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57 Cards in this Set

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Essential Teaching Skills
Organization and use of time
2. Organization (of)
a. materials
i. knowing what you’re going to need and how many
b. time
i. allocated time
1. the time you are responsible for a given group of students
ii. Intructional time
1. Time leftover after management of the class
2. Time you have to teach
iii. Engaged time
1. Time kids are actively engaged/ involved in the lesson
2. Kids who aren’t engaged cause trouble
Essential Teaching skills
attitude
1. Attitude:
a. Authorotative
i. Show high response to students
ii. High standards/ demand
1. Expect students to work hard, behave, and succeed.
b. Teacher efficacy
i. Have to believe that you can impact your students
c. Enthusiasm
Essential Teaching skills
Communication
3. Communication
a. Style
i. Passive
1. Pushovers
ii. hostile
1. leads to students rebelling
iii. assertive
1. sure of yourself, respectful
b. Emphasis
c. Precise language
Essential Teaching skills
Focus
Introductory focus: attracts student's attention and provides a framework for the lesson.
Sensory focus: pictures, models, materials displayed on the overhead/chalkboard are used to maintain attention during learning activities.
Essential Teaching skills
Feedback
information learners recieve about the accuracy or appropriateness of their verbal or written responses.
It should be given as soon as possible.
Praise: most common form of teacher feedback. Used less than 5 times per class and less as they get older. Adolescents like feedback more in private.
Written feedback: because it's time consuming, feedback is often short and sketchy and not very useful.
Essential Teaching Skills
Questioning
Teachers need to question to guide learners rather than deliver information.
Questioning frequency: number of questions a teacher asks during a learning activity. It increases student involvement, and that raises achievement.
Equitable distribution: where all students are called on as equally as possible.
Prompting: use when a student doesn't additionally know the answer. You ask another question to work student through the problem. Isn't always appropriate.
Wait-time: after asking a question the teacher should wait 3-5 seconds. it is often too short.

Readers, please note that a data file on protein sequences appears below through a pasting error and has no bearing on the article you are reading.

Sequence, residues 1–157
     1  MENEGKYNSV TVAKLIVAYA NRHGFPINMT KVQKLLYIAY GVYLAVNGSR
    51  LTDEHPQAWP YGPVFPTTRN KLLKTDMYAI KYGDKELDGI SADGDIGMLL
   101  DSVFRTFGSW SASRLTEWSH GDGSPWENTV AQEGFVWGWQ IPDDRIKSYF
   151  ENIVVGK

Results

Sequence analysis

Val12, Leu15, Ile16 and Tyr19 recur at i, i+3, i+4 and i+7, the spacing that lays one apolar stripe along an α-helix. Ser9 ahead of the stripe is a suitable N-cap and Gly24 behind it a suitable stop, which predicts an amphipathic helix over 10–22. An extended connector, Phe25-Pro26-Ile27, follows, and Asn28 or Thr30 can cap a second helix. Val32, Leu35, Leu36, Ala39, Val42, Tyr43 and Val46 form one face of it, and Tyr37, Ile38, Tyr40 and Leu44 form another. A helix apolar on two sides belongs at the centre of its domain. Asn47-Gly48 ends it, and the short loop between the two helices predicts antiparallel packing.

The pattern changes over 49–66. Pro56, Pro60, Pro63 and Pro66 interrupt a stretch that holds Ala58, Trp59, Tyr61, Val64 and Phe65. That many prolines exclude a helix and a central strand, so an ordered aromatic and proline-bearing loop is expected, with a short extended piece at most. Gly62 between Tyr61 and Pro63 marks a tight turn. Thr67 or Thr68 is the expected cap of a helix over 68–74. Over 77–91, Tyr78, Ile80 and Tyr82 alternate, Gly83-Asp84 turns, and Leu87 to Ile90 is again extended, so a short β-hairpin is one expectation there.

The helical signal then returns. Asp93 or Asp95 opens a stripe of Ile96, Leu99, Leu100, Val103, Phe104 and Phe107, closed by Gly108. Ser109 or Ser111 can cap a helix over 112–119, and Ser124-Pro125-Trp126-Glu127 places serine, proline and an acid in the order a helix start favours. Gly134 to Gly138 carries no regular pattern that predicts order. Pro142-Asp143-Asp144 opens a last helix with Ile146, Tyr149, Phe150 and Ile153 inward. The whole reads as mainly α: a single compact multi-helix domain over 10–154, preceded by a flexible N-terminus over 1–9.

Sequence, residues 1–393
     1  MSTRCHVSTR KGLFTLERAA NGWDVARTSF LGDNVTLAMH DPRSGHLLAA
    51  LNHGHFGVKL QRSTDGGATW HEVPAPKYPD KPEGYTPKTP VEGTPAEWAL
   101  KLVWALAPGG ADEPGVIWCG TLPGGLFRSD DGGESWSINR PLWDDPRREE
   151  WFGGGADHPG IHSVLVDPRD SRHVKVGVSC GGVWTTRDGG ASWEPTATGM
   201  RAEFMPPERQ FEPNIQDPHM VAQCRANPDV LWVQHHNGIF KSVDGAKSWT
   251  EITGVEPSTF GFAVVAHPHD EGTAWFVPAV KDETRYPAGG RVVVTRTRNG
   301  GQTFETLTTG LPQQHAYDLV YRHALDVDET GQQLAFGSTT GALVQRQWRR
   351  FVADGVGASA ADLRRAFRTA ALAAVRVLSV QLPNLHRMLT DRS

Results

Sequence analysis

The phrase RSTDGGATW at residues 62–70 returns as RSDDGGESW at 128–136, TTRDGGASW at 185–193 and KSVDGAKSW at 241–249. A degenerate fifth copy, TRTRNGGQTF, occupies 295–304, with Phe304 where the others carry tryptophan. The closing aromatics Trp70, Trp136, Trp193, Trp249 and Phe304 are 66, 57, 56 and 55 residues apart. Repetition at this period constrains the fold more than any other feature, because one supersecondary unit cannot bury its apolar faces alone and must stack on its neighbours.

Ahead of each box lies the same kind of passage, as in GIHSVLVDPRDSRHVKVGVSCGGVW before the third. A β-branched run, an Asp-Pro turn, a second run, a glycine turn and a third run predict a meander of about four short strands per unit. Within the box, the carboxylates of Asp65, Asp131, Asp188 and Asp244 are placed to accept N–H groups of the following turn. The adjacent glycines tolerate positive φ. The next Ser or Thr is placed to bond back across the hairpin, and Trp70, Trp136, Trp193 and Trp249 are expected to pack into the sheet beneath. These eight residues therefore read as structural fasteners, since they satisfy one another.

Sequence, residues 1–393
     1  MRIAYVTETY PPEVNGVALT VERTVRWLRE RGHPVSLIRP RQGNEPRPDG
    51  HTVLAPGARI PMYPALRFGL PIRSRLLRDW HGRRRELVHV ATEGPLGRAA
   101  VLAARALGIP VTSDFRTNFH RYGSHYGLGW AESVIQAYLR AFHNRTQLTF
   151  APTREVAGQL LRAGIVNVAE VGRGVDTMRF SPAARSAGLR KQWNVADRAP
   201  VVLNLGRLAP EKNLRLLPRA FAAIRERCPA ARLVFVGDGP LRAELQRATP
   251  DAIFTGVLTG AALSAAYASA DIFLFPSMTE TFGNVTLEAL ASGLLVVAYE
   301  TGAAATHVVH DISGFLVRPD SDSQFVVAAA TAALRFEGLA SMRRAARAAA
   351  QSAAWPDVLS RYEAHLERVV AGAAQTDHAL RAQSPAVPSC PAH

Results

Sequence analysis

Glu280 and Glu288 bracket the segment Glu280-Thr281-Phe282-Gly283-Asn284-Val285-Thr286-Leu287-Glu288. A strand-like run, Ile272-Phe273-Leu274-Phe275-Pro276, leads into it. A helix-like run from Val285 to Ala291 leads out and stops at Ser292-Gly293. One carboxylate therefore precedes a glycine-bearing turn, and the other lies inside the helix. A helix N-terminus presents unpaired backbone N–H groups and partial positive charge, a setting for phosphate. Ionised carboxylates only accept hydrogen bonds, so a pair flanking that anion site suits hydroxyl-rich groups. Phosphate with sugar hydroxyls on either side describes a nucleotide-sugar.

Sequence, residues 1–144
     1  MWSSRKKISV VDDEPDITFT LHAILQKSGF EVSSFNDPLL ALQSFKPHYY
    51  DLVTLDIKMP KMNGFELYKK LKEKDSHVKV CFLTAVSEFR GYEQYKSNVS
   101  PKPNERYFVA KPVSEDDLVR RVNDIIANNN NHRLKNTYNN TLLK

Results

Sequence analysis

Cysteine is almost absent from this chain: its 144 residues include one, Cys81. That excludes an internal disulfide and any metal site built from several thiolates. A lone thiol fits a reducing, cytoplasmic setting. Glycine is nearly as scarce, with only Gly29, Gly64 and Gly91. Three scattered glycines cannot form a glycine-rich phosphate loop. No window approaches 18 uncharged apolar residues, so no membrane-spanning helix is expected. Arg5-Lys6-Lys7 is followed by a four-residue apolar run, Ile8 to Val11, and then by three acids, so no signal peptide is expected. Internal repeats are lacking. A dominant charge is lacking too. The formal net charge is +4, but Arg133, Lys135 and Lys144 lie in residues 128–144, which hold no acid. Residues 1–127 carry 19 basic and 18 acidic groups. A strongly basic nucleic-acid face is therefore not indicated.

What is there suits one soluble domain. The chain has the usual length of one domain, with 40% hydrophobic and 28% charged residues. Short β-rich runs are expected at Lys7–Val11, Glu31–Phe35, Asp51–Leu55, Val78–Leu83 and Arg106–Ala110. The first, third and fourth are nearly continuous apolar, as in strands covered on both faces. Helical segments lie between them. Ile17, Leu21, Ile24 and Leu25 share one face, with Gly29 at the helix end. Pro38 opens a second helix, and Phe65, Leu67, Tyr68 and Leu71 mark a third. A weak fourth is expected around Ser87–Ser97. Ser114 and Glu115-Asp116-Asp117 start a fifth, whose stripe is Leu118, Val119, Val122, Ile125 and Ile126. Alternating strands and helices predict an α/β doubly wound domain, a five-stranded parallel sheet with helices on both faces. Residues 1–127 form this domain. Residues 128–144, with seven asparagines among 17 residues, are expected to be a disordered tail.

Essential Teaching Skills
Review and Closure
Review: a summary that links what the students have already learned to what they are going to learn in the next activity. Provide students with examples during the review increases its effectiveness and provides links in the long-term memory.
Closure: form of review at the the end of the lesson. Helps the students organize the material into meaningful schema. It pulls the different aspects together and signals the end of a lesson.
Piaget:
Equilibrium vs. Disequilibrium
1. Equillibrium
a. Students understanding what is going on.
2. Disequillibrium
a. Students not understanding what is going on. Teaching students they don’t know everything, and need to understand more things
b. Assimiltion
i. Learn more based on what you already know.
ii. Sometimes it works, however not always optimally.
iii. Tend to try this often because we’re lazy
c. assimilation
i. Learning a new way of doing something/thinking
Piaget:
Assimilation
b. Assimiltion
i. Learn more based on what you already know.
ii. Sometimes it works, however not always optimally.
iii. Tend to try this often because we’re lazy
vi. Learning a new way of doing something/thinking
Baurmind
Response
1. Response
a. Do they listen to what the child says?
b. They’re respectful of the child
c. Warm and caring
Baurmind
Demand
2. Demand
a. Do you have standards that you expect the child to meet?
i. Remembering the rules, morals, paying attention
b. expect a lot out of their students
Baurmind
Authoritarian
4. Authoritarian
a. Low in response and high in demand